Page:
Still, there’s deep snow everywhere. I went out to work with Mattie yesterday, using the clicker to work on “stand” and “ears up.” Mattie is less fit at this point than Sam is, partly, I think, because she spends so much time sulking in the run-in shed while Sam is out enjoying the view in all weather. Her back doesn’t seem as muscled as his is, so I’m starting off with hand-walking, practicing “walk” and “whoa” and “ears up” all at once. As we circle her side of the corral, we end up walking through the parts where she doesn’t usually walk, and she and I both sink in to our knees. Good exercise for us both, but not very practical and a bit scary, since I know there are frozen brown piles under that snow–the ones we were planning to pick up the day the snow storm hit and that we’ll see again at snow melt in late April or early May.

This is the time of year when we feel most out of synch with the rest of the world, here in the Interior. We have spring fever–our minds wander, we think of places where there are flowers, we plan our gardens and summer training schedules-but we could be hit with snow and 20 below any day.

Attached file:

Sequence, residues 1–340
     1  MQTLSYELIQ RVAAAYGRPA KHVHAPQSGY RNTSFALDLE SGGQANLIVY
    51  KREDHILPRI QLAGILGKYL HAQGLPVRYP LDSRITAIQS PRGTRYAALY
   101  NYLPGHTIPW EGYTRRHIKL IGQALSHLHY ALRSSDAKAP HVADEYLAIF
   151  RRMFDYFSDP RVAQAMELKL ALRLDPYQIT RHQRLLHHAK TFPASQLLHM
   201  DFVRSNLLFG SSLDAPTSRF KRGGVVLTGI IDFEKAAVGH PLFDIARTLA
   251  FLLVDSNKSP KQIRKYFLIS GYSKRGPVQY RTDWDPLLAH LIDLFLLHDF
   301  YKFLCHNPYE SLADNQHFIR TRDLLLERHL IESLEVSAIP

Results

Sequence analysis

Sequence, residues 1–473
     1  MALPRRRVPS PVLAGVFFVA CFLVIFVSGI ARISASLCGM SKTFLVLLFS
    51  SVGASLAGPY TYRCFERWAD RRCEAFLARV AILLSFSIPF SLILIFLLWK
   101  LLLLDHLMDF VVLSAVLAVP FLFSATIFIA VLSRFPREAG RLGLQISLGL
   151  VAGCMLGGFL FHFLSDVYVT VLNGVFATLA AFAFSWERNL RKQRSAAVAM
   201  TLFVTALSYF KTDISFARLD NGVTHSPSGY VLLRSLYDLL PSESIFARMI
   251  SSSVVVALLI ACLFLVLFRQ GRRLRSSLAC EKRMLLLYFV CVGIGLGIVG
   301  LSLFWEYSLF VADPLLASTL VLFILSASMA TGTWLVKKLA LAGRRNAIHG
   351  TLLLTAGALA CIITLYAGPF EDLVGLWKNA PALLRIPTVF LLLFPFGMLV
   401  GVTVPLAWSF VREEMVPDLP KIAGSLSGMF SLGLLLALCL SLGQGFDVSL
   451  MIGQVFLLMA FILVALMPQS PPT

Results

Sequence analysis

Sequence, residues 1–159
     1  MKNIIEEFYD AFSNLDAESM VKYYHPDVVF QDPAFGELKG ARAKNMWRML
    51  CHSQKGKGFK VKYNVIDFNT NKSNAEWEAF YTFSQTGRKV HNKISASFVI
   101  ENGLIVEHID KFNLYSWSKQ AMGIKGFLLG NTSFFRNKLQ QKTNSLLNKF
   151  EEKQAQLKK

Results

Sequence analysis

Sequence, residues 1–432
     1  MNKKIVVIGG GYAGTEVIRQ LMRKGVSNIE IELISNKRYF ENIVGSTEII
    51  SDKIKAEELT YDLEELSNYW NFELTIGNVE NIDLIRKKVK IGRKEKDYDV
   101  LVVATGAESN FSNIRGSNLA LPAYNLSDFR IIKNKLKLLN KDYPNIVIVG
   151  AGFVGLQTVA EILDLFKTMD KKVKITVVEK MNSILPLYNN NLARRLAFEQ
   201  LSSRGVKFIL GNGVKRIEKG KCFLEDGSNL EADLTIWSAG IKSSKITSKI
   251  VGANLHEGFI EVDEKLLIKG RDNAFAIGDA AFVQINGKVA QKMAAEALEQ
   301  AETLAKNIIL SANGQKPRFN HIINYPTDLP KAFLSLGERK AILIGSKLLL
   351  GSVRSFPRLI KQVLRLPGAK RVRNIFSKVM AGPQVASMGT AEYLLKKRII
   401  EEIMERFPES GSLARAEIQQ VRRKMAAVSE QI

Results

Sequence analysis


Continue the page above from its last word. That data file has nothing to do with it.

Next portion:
View from Mattie’s Pillow

January 30, 2009

About dogs-for Glow:

The cold weather we dreaded hasn’t materialized. Tonight, when I went out to feed the horses, snow fell in fine white flakes through the floodlight on the peak of our house. Sam had a thick fleece of it along his back. Mattie, who had been in the shed, had a light powdered sugaring along her back and rump. The dog dashed around in the soft new snow, kicking it up behind him, rolling in it, nesting down, watching me cut open a new hay bale, waiting to see if I would feint his way so he could leap up and dash around me in long loops.

The dog is a young, nearly year old Standard Poodle pup. It surprises people who know me to learn that this is the new dog in my life. The dog before him, Kermit, my companion for 16 years was a mixture of three breeds: Shepherd, Corgi, and Lab–all big body, big bark, short legs. He had a talent for shedding on three twice-a-year cycles, one for each breed. He was hard headed, but my dog to the core. He had claimed me at the shelter when I wandered in full of skepticism to look for a dog. I was about to walk out when I saw a yellow dog in a pen, looking at me with recognition and urgency. I asked to see him; my guard was up. Then I felt his ears, the softest fur I had ever touched. I came back for him the next day and spent sixteen years trying to discern what that look was telling me.